Dropping cargo meant to kill invasive species will only lead to more environmental predicaments. But try telling this to U.S. personnel in helicopters descending upon Guam, and their $8 million mission parachuting 2,000 mice injected with Tylenol into canopies to try and kill overpopulated brown tree snakes.(1) It was also reminiscent of another dubious mission when in the 1950’s, the World Health Organization bombarded Borneo with massive doses of DDT, part of the Green Revolution, and to fight malaria spread by mosquitoes. As wasps ate the mosquitoes and other so-called pests, and then cockroaches ate the wasps which were then eaten by lizards, DDT, an extremely deadly toxin, worked its way up the food chain to Borneo’s cats. Before long, cats had all but died out and millions of rats took over the island, devouring the fruit and grains of the fields while spreading typhus and other diseases. Faced with this unforeseen invasion of rats, the experts convened another crisis committee and decided to parachute in hundreds of cats.
While the invasive brown tree snakes made their way to Guam via cargo shipments, thanks to globalization, that is international militarism and commerce, DDT was used on the island of Borneo to increase food and eradicate diseases. In each case the causes of ecological imbalance was brought on by another type of chain, a belief in technology and automated mindset. Modern technocentrism-where humankinds primary relationship with the environment is mediated through technologies, and that humankinds main interest in the environment is a productive and economic one(2)-made Borneo and Guam to be overran by rats and snakes. Technocentrism has caused other predicaments too, like global warming and climate change, chemical and nuclear disasters (Bhopal, Chernobyl, Three Mile Island, and Fukushima), and large-scale deforestation and depletion of soils brought on by urban development, dams and road-building schemes.
When technocentrism and mega-technology, with their invasive appetites of unsustainable growth, creates more environmental crises, automated thinking assumes more technological development can heal, repair or restore the ecological damage caused by environmentally insensitive technologies. Sadly, they eradicate other possible causes of environmental degradation, usually caused by misguided political, social and ethical behaviors and policies. Technocentric and mega-technological perspectives can also rule out any discussion or acknowledgement of how humankind’s ethical, political and economic priorities will have to be transformed to prevent more ecological imbalances. Only an environmental-changing conversion that enables people to view technologies through the environment, in which humankinds primary relationship with technologies is mediated via environment and that humankinds main interest in technologies is an environmentally unproductive one, will prevent more environmental ruin.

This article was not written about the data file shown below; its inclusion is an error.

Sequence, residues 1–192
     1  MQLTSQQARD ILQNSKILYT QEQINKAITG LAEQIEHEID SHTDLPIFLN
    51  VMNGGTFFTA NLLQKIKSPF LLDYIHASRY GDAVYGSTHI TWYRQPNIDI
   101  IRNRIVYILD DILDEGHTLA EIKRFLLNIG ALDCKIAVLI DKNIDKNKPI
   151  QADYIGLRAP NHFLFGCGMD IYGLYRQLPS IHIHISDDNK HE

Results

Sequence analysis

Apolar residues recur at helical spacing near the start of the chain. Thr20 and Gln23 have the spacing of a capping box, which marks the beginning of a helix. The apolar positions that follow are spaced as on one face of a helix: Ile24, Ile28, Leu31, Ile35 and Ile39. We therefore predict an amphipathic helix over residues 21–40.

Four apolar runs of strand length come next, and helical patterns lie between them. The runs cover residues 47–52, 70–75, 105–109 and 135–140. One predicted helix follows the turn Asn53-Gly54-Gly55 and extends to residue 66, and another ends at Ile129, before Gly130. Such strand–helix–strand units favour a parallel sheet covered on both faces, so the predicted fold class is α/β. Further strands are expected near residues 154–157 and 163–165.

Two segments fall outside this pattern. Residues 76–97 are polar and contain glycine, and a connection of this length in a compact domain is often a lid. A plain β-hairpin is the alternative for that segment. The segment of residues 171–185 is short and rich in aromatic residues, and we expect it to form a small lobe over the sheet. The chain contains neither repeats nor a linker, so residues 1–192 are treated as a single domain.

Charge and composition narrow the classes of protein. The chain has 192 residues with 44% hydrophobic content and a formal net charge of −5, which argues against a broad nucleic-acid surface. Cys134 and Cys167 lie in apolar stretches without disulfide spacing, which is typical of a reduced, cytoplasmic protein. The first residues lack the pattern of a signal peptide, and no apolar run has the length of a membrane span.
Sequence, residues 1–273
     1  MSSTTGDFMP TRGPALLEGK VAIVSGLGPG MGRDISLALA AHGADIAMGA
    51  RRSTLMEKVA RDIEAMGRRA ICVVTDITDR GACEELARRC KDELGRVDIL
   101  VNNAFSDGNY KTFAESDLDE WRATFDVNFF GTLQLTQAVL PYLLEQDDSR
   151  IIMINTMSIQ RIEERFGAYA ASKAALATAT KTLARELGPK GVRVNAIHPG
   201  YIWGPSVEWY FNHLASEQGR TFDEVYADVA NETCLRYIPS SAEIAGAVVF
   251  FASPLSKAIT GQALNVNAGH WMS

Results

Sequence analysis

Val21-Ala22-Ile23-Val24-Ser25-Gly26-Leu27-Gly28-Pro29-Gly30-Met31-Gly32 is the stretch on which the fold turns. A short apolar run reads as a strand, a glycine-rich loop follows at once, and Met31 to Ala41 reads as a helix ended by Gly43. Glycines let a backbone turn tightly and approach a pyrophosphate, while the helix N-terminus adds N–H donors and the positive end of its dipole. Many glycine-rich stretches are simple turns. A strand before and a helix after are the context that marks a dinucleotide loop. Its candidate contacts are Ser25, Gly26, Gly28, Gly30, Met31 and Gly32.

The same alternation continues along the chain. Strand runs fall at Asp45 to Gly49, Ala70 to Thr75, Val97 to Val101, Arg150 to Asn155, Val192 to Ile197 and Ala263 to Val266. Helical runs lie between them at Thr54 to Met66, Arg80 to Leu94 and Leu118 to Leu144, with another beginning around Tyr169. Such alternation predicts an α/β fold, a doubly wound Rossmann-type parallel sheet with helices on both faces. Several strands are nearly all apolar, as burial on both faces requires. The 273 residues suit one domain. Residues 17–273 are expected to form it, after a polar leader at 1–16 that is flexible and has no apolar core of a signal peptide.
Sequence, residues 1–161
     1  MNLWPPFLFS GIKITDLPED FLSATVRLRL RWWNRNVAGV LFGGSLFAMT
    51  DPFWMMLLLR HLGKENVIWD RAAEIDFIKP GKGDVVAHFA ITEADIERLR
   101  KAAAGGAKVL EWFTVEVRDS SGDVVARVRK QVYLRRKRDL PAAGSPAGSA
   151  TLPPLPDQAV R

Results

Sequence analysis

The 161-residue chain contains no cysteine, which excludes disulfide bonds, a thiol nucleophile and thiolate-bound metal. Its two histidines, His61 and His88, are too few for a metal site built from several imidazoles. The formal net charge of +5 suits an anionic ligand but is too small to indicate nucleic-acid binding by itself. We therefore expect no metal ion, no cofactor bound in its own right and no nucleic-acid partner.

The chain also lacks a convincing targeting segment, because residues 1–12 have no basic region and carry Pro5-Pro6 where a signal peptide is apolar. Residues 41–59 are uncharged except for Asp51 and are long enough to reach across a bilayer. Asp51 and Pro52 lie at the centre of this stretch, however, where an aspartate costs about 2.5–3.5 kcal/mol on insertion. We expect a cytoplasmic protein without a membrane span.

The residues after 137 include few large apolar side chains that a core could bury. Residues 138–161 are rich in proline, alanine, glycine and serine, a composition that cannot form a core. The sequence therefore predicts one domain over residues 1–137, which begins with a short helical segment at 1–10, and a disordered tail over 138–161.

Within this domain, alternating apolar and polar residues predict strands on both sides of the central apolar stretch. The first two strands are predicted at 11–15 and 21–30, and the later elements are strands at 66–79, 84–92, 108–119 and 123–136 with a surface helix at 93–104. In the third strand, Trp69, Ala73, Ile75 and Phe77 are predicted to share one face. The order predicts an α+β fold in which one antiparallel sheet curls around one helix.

In “The Long Descent,” John Michael Greer writes how humankind no longer faces a problem that entails a solution, but instead a predicament which has no solution. Thanks to the invasiveness of technocentrism, mega-technologies and automated thinking, it will take centuries to unravel the damage committed against the Earth and its delicate ecosystems, some of which have already disappeared. Thus, humankind’s only hope is to develop appropriate responses that will lessen an oncoming collapse followed by major upheavals and dislocations. Appropriate responses will not consist of more techno-fixes, nor technocentric solutions, but human- and mental- and behavioral-fixes that are environmentally centered, starting with rejecting ill-conceived efforts to liberalize and globalize militaries and markets, including their militant techno-centric perceptions and rapacious mega-technologies.
The object of “To Tell the Truth,” a popular afternoon game show which aired on television many years ago, was to ask questions and try to figure out which contestants were lying, and which one was actually telling the truth about who they really were. At the end of the show the host would say, “Will the real (name) please stand up!” After a long and anticipated pause, the real person would finally stand up. From Borneo to Guam and many other places around the world, the real culprits might not be those species that walk on all fours. The real invasive species might be those who walk up but not right in regards to their environmental surroundings and are carriers of technocentric and anthropomorphic ideologies. At the same time, the real threats to sustainable environments, balanced ecologies, and the future might not even be killer bees or ants but instead, killer technologies and mega-technologies. Hasn’t invasive technocentrism produced environmental inequalities for much too long? Isn’t it time to walk up and right?